Men are often conditioned to believe that they can't be a survivor of abuse. Even in today’s society, some people ridicule others for not conforming to masculine norms. Many men have trouble reconciling their masculinity with being abused because it goes against much of what they believe defines them as a man.
Emotional, physical, and sexual abuse are examples of violence that may affect both women and men. Often, a survivor may experience several forms of domestic violence at once. While women are more likely to experience repeated domestic abuse, the percentage of abused men should not be overlooked. Domestic abuse against men also tends not to be recognized due to a lack of reporting.
Any person who feels trapped inside their abusive relationship because they don't want to lose their family or friends must learn about what they are going through and ways to get out of the situation. However, the stigma surrounding male abuse may lead men to deny being assaulted or may even cause them to not realize it is taking place.
Domestic abuse, or domestic violence, is a pattern of behaviors used by one partner to maintain power and control over another partner in an intimate relationship. Often the abuser will intimidate, manipulate, blame, or isolate the victim to get their way. No matter what form it takes, it is a tactic used for one purpose: to gain and maintain total control over another person.
Domestic abuse can happen to anyone of any race, age, sexual orientation, or gender. It can happen in couples who are married, not married, living together, or apart. While women tend to be the primary targets of domestic abuse, anyone can be affected — regardless of income, education, ethnicity, or religion.
Domestic violence comes in many forms. Regardless of what type of abuse occurs, certain red flags indicate when a partner may become abusive, and the affected individual should take steps to protect themselves.
The following information includes some common types of domestic violence that someone might encounter and how they differ from one another. It is vital to know what to look out for if you are worried about your own experience or someone else's.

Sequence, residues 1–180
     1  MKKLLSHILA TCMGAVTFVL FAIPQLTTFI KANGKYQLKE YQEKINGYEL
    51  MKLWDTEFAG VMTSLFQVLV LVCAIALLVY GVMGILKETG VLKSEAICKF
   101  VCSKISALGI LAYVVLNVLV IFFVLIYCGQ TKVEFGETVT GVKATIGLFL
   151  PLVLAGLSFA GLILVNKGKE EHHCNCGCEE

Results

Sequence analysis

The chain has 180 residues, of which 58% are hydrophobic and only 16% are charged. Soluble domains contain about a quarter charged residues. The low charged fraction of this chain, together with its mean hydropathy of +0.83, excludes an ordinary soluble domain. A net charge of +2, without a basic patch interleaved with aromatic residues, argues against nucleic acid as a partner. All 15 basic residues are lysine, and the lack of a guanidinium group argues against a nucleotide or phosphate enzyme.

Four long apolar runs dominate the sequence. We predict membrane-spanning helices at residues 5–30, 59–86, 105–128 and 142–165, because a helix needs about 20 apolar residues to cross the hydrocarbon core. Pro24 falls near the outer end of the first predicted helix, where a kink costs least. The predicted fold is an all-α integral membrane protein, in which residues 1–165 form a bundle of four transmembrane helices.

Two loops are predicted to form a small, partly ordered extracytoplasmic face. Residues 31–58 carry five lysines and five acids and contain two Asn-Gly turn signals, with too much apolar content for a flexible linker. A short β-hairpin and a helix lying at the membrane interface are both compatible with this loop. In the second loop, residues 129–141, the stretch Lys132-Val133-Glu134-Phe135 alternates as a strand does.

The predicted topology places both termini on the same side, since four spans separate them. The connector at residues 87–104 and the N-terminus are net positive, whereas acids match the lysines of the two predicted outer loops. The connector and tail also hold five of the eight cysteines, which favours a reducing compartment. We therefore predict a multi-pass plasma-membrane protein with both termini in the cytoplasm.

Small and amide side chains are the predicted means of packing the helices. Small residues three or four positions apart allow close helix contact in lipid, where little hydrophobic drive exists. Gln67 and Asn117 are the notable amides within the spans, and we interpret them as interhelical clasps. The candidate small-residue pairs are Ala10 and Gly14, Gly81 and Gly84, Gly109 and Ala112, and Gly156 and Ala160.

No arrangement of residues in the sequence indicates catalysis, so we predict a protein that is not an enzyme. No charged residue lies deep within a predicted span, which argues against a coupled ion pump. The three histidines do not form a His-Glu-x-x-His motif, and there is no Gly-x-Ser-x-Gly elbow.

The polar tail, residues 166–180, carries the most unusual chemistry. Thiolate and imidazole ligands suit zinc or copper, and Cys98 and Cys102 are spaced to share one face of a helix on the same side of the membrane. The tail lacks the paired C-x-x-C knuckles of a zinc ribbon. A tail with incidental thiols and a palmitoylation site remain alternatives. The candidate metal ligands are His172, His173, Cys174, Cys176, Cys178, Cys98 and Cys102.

Physical abuse is, unfortunately, a common form of domestic violence. This type of abuse involves putting someone at risk for an injury or hurting them in some way. It can include but is not limited to:
Sexual abuse is a form of abuse in which the abuser coerces or attempts to coerce the abused into having any sexual activity they do not want to have. This can include, but is not limited to:
Emotional abuse occurs when a person's self-esteem is diminished by continual criticism. This type of abuse involves:
Psychological abuse differs from emotional abuse in that it often involves the abuser displaying more control over their victim's thoughts and feelings. This can include, but is not limited to:
Financial abuse occurs when your partner takes advantage of or controls the family finances, withholding money or giving you an allowance. This can include, but is not limited to:
An abuser has one major objective — to obtain power and control, often isolating the victim so they can't get help or monitoring their behavior to ensure they won't leave.
If you are experiencing any of these forms of abuse, it is essential that you get out of the situation as soon as possible. Staying in these situations can increase the severity and risk of injury the longer you remain in a volatile relationship. It would be best to try to find a safe environment for yourself and any children who live with you.
Creating a safety plan is an important first step to escaping harmful environments and relationships, as it’s common for abusers to escalate abuse tactics or threaten victims when they leave. The National Domestic Violence Hotline offers an interactive guide to safety planning.
Abuse, especially prolonged violence, can have many harmful psychological effects. Many people perceive their home as safe and comforting, but those affected by domestic violence do not have this haven. Constantly living with harassment, intimidation, battery, and sexual assault can create a variety of psychological wounds, including:
While physical abuse can take a direct toll on the body (bruises, cuts, and even broken bones), prolonged emotional and psychological abuse can also have adverse physical effects. Extreme stress, anxiety, and depression can increase the risk for more severe conditions such as cardiovascular disease, diabetes, and even cancer.
Men under extreme stress and mental duress can experience hair loss and a decreased libido — and a variety of sexual dysfunction conditions. This may make male survivors feel like their self-esteem and masculinity have been damaged. To reclaim your sense of confidence, part of your healing process might include finding hair loss solutions and researching erectile dysfunction treatments. Online treatment options like BlueChew thankfully offer a very discreet way to explore your options.